At the end of the interview, you will want to prepare questions to ask the interviewer. For the group interview, you will want to rank the importance because chances are there will only be time for one question per interviewee. 

To bring to the group interview:

  • Resume copies
  • Pen and notepad
  • References information
  • Questions for the interviewer 
  • A folder or briefcase with these materials in

The Group Interview Process and Group Interview Tips

A group of people watching a presentation being given.
Photo by NeONBRAND on Unsplash

Group interviews can be unpredictable because you do not know what will happen during the interview. Unlike traditional interviews, where it is a question and answer style interview, group interviews can include multiple questions and answer portions, activities, and break into one-on-one interviews. 

Possible Group Activities

  • Employer presentation 
  • Work Simulation exercises  
  • Skills or Behavior Assessments
  • Task Assessments 

Group Interview Questions

The Common Interview Questions:

1. Can you tell me about yourself?

2. How did you hear about this position?

3. Why do you want this job?

4. What is your greatest weakness/strength?

The group interview questions will assess specific skills for the role. It will depend on the type of role, but they are generally looking for problem-solving, interpersonal communication, and teamwork.

The Group Interview Specific Questions:

1. Are you a leader or a follower?

2. Are you a team player?

3. How do you problem solve?

4. How would you respond to an unhappy customer?

5. What would you do if X happened?

6. How would you respond if you caught a coworker/customer stealing?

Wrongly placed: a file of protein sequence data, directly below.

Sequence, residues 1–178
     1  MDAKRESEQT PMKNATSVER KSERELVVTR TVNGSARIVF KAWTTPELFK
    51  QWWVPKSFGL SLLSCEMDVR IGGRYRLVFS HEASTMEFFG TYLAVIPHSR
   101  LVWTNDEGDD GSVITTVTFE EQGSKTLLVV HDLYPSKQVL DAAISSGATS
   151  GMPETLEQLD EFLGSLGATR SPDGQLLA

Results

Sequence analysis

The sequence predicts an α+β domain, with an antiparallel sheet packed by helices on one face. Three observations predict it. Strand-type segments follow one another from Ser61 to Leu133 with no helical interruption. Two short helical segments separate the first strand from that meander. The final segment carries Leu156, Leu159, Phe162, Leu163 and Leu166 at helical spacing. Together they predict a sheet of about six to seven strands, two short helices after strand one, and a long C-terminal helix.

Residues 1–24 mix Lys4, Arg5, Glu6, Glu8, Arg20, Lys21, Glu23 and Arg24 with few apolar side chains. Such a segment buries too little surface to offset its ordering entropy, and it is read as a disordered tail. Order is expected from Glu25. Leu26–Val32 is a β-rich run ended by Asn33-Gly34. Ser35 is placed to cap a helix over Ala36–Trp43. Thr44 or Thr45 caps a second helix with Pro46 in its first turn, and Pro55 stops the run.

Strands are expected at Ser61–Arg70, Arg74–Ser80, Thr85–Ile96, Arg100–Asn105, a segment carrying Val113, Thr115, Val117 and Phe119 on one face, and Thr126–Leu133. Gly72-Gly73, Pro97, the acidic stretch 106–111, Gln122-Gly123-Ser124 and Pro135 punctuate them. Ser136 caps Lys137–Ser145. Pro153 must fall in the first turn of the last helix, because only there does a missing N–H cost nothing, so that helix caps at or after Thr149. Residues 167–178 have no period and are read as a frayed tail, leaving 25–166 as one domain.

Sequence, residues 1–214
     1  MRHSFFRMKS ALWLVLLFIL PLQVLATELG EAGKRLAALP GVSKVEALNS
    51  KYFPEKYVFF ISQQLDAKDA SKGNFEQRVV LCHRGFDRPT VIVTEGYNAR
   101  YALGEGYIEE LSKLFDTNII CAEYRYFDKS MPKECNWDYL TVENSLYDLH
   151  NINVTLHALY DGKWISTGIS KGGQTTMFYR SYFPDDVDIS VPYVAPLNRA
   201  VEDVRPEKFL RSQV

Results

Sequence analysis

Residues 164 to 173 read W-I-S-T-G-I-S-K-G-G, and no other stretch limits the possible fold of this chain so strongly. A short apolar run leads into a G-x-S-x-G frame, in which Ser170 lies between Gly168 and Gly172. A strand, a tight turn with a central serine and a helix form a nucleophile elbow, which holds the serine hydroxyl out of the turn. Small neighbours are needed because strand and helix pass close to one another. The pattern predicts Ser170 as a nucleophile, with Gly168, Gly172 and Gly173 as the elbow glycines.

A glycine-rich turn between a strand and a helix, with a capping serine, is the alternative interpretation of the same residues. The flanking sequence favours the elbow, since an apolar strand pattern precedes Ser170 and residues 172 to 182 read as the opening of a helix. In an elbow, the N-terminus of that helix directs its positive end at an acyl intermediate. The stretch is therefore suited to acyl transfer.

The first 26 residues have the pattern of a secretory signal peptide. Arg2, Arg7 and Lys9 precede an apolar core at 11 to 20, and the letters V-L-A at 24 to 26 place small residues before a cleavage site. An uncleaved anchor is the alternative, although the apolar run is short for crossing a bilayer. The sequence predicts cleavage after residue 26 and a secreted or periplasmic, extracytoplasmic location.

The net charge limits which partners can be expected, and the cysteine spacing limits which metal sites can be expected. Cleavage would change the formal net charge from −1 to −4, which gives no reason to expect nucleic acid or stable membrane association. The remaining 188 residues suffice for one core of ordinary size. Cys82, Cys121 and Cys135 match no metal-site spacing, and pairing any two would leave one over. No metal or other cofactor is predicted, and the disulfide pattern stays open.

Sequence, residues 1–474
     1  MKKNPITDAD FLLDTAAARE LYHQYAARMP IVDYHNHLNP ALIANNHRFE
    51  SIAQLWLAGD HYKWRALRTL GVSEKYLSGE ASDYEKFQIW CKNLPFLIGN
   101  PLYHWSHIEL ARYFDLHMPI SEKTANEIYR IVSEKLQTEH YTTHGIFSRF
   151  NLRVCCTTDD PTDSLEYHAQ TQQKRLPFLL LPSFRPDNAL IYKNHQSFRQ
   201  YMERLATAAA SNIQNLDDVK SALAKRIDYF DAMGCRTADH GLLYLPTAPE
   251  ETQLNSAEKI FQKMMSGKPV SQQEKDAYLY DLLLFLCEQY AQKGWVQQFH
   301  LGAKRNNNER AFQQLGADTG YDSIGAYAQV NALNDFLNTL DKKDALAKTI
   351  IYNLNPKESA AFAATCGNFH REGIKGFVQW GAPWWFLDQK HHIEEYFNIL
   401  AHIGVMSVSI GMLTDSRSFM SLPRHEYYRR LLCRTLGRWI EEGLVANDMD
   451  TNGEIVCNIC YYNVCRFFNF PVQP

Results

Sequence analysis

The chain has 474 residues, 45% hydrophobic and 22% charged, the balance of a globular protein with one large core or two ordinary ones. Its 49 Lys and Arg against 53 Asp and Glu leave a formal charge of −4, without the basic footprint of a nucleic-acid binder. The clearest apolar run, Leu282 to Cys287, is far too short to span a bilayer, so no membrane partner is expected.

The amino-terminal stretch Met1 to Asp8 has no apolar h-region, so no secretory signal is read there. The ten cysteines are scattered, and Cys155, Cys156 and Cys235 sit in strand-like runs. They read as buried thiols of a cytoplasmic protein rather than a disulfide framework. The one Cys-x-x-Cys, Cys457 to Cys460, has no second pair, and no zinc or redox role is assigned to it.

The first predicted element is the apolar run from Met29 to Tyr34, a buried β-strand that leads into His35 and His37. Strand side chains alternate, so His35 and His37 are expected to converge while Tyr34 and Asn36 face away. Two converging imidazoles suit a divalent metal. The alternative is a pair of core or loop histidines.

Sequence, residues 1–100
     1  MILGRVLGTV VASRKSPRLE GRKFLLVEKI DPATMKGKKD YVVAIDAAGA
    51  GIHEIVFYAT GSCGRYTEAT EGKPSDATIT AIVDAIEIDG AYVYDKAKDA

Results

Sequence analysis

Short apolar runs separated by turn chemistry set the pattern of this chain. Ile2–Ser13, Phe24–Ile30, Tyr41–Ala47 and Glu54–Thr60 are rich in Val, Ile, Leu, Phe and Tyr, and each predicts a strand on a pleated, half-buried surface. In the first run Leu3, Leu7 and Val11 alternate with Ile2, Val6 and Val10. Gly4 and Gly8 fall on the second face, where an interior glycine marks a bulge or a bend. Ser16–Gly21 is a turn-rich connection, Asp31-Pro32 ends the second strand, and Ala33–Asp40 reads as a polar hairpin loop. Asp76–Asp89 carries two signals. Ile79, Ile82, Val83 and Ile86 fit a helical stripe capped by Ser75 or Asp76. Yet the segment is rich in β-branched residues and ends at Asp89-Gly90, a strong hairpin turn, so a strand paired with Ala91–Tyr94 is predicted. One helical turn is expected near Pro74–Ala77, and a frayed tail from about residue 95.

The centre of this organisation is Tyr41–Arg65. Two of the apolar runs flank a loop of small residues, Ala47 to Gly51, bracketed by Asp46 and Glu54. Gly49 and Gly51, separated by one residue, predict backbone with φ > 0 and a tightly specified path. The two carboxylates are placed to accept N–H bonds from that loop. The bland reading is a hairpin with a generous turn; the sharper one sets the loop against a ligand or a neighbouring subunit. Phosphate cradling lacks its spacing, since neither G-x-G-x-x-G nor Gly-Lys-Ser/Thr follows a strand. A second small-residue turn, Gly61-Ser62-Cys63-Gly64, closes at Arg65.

Following activity questions:

1. What do you feel like you brought to the team?

2. What caused your team to fail or succeed at the task?

Group Interview Tips

  • Go into the room and answer with a lot of confidence.
  • Use your ears more than your mouth.
  • Wait your turn.
  • Smile and use eye contact. Your overall body language should be friendly. This can be hard to remember when nervous.
  • Use manners towards everyone. Again, this can be hard to remember when nervous.
  • Be a team player. Do not slip into the background or let others speak for you.
  • Remember to praise other team members when in a group and make sure they are all included in an activity.
  • Send a thank you letter to the recruiter and any others that you spoke with during the interview.

With going in prepared and keeping in mind our tips, you should leave with giving them a good impression of you. For more information on resumes, cover letters, internships, and more check out the Scholars blog and podcast.

About Scholars

Scholars helps companies build engaging candidate experiences at scale. Create personalized journeys for all of your candidates from application through onboarding.

About Scholars

Internships and early-career jobs are unlike any others. They are often accepted months, if not years, in advance of the start date leaving plenty of time for candidates to change their minds and decide to work elsewhere, costing your team time and money.

There are two ways that have been proven to decrease renege rates for any company: keeping candidates engaged by sharing personalized information and helping them make connections with their future teammates. Companies use Scholars to accomplish both of these at scale.